Young drivers will be disqualified from driving for using a mobile phone

Young driver using a mobile phone whilst behind the wheel

Posted by Holly West-Robinson on 25 January 2017

You may have seen a lot of articles in the news the last few weeks around the new penalty changes due to take affect from 1st March 2017 for using a hand held device behind the wheel. Last November the police in England, Northern Ireland and Wales clamped down heavily on offenders using their phones whilst driving and issued 8,000 fines over the course of a week. In this time they also delivered an abundance of verbal warnings and court summonses for other means of distracted driving such as eating, smoking, reading, and changing the music on CD/MP3 players. 

A whopping 78% of crashes involve the person behind the steering wheel being preoccupied with these sorts of activities (according to Allianz Center for Technology, AZT). The RAC also report that – texting is not only a common cause of this preoccupation, but also has a significant impact on reaction times. Reaction times are 35% slower if texting whilst driving. Read the full RAC article here.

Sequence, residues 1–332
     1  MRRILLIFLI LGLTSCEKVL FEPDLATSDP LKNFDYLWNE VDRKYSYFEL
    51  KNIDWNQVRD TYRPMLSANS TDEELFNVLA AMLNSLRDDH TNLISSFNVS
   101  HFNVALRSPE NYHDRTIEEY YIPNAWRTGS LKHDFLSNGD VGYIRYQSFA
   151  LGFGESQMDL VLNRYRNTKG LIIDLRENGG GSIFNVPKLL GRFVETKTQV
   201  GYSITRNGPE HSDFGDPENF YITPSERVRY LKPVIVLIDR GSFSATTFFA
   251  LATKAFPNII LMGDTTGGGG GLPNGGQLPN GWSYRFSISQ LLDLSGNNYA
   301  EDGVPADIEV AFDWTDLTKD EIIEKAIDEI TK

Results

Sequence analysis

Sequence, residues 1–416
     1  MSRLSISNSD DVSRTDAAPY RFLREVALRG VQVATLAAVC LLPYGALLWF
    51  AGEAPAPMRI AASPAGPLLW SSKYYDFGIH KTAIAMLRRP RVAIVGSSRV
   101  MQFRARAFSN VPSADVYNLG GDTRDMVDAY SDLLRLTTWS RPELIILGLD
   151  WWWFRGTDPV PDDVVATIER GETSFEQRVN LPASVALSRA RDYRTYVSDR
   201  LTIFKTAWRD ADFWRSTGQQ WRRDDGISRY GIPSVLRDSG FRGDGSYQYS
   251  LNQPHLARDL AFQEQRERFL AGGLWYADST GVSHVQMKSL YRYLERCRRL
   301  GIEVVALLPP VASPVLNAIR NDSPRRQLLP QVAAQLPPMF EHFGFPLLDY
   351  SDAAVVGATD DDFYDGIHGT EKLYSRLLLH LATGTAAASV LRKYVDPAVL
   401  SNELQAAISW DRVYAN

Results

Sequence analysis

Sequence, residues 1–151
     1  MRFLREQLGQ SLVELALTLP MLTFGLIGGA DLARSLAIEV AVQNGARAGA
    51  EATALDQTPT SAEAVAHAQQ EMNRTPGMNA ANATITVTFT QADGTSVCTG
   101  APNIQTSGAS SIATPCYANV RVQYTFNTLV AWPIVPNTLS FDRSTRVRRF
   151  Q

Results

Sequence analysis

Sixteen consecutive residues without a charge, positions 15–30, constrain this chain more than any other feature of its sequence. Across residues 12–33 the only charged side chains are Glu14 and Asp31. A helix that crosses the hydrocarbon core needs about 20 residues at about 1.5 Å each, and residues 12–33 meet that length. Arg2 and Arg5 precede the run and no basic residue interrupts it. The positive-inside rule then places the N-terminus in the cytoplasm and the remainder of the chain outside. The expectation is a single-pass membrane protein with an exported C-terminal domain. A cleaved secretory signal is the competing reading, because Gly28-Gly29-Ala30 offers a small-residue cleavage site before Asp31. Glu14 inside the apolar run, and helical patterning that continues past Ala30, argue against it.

The reality of using a mobile behind the wheel

Death caused by dangerous driving (whether it be as a result of drink or drug driving, or using a mobile behind the wheel) can have irreparable and devastating effects on the victims’ families and is sadly something we see in the news nearly every day. The government are now beginning to realise these offences require far tougher penalties than the ones already in force, and this is why as of the 1st March 2017 if you get caught using your mobile phone (even if you are stuck in traffic or are stationary) you will automatically incur 6 points on your licence and a £200 fine. If you cause death whilst using your mobile behind the wheel you can face a minimum of 14 years or up to life in prison. 

For young and newly qualified drivers, they can face the risk of being disqualified from driving altogether if they accumulate 6 points within the first 2 years of passing their test. So it only takes one occasion of getting caught out using Facebook or Snapchat to abruptly end you driving career before it’s even started. Is it worth the risk? What’s more is it worth risking your life, and the life of your passengers? We don’t think so… bring on the new laws.

About the Author

Holly West-Robinson
Holly West-Robinson

Hi I'm Holly and I'm a young driver based in Peterborough! I love tattoos, food, drawing and anything art related, enjoy hanging out with friends and family and making a fool of myself XD I'm a huge lover of music and also a part time DJ in the underground drum and bass scene. I passed my driving test first time when I was 17 years old have been loving life and my new found freedom ever since! I'm definitely one of the adventurous types who's always up for a good old road trip!